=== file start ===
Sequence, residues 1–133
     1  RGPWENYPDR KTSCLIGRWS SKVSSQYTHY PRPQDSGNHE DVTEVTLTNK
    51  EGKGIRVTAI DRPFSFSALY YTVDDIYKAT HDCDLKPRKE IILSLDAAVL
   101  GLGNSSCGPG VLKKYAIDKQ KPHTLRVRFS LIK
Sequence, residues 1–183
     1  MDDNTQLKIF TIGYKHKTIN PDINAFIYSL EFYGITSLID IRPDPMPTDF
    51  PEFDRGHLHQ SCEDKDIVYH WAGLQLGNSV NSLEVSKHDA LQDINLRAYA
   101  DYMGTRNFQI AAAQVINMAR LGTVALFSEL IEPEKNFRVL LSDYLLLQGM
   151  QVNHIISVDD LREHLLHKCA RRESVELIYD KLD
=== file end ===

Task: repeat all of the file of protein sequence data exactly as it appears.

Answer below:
Sequence, residues 1–133
     1  RGPWENYPDR KTSCLIGRWS SKVSSQYTHY PRPQDSGNHE DVTEVTLTNK
    51  EGKGIRVTAI DRPFSFSALY YTVDDIYKAT HDCDLKPRKE IILSLDAAVL
   101  GLGNSSCGPG VLKKYAIDKQ KPHTLRVRFS LIK
Sequence, residues 1–183
     1  MDDNTQLKIF TIGYKHKTIN PDINAFIYSL EFYGITSLID IRPDPMPTDF
    51  PEFDRGHLHQ SCEDKDIVYH WAGLQLGNSV NSLEVSKHDA LQDINLRAYA
   101  DYMGTRNFQI AAAQVINMAR LGTVALFSEL IEPEKNFRVL LSDYLLLQGM
   151  QVNHIISVDD LREHLLHKCA RRESVELIYD KLD